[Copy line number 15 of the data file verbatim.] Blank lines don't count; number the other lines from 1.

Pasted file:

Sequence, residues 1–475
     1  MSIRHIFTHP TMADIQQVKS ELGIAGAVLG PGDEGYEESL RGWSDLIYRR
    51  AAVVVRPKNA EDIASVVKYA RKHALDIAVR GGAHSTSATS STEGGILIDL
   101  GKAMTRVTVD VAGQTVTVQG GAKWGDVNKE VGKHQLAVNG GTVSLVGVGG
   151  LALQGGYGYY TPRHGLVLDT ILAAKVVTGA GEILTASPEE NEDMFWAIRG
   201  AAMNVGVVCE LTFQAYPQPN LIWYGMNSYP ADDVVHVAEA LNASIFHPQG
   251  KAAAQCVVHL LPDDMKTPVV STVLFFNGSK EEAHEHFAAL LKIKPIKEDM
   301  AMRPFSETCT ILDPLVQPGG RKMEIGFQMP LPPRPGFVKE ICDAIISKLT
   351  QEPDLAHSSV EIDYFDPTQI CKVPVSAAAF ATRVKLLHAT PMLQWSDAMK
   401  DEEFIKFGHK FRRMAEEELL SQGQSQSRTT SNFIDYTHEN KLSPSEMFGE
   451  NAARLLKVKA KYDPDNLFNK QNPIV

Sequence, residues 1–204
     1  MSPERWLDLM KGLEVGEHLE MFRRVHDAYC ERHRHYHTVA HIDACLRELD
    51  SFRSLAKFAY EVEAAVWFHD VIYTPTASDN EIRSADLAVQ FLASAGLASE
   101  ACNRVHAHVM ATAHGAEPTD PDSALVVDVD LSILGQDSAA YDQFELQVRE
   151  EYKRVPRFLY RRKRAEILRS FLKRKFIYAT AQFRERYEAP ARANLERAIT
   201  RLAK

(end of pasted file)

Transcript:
   101  ACNRVHAHVM ATAHGAEPTD PDSALVVDVD LSILGQDSAA YDQFELQVRE